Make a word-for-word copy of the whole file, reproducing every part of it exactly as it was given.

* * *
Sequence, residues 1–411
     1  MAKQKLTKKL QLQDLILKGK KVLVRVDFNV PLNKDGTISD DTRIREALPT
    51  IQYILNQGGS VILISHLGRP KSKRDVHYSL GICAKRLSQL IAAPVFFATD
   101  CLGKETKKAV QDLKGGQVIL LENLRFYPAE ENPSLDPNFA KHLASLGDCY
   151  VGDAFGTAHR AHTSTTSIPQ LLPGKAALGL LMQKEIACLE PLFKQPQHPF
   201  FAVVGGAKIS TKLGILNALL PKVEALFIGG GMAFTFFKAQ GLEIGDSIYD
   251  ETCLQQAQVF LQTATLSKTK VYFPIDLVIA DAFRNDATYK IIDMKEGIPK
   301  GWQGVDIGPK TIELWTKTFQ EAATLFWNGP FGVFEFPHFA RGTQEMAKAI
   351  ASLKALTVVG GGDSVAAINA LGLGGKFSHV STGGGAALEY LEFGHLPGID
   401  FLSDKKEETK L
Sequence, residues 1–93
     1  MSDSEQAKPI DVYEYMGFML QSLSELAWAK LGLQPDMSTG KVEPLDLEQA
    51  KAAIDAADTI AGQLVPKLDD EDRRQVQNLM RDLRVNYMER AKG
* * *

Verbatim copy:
Sequence, residues 1–411
     1  MAKQKLTKKL QLQDLILKGK KVLVRVDFNV PLNKDGTISD DTRIREALPT
    51  IQYILNQGGS VILISHLGRP KSKRDVHYSL GICAKRLSQL IAAPVFFATD
   101  CLGKETKKAV QDLKGGQVIL LENLRFYPAE ENPSLDPNFA KHLASLGDCY
   151  VGDAFGTAHR AHTSTTSIPQ LLPGKAALGL LMQKEIACLE PLFKQPQHPF
   201  FAVVGGAKIS TKLGILNALL PKVEALFIGG GMAFTFFKAQ GLEIGDSIYD
   251  ETCLQQAQVF LQTATLSKTK VYFPIDLVIA DAFRNDATYK IIDMKEGIPK
   301  GWQGVDIGPK TIELWTKTFQ EAATLFWNGP FGVFEFPHFA RGTQEMAKAI
   351  ASLKALTVVG GGDSVAAINA LGLGGKFSHV STGGGAALEY LEFGHLPGID
   401  FLSDKKEETK L
Sequence, residues 1–93
     1  MSDSEQAKPI DVYEYMGFML QSLSELAWAK LGLQPDMSTG KVEPLDLEQA
    51  KAAIDAADTI AGQLVPKLDD EDRRQVQNLM RDLRVNYMER AKG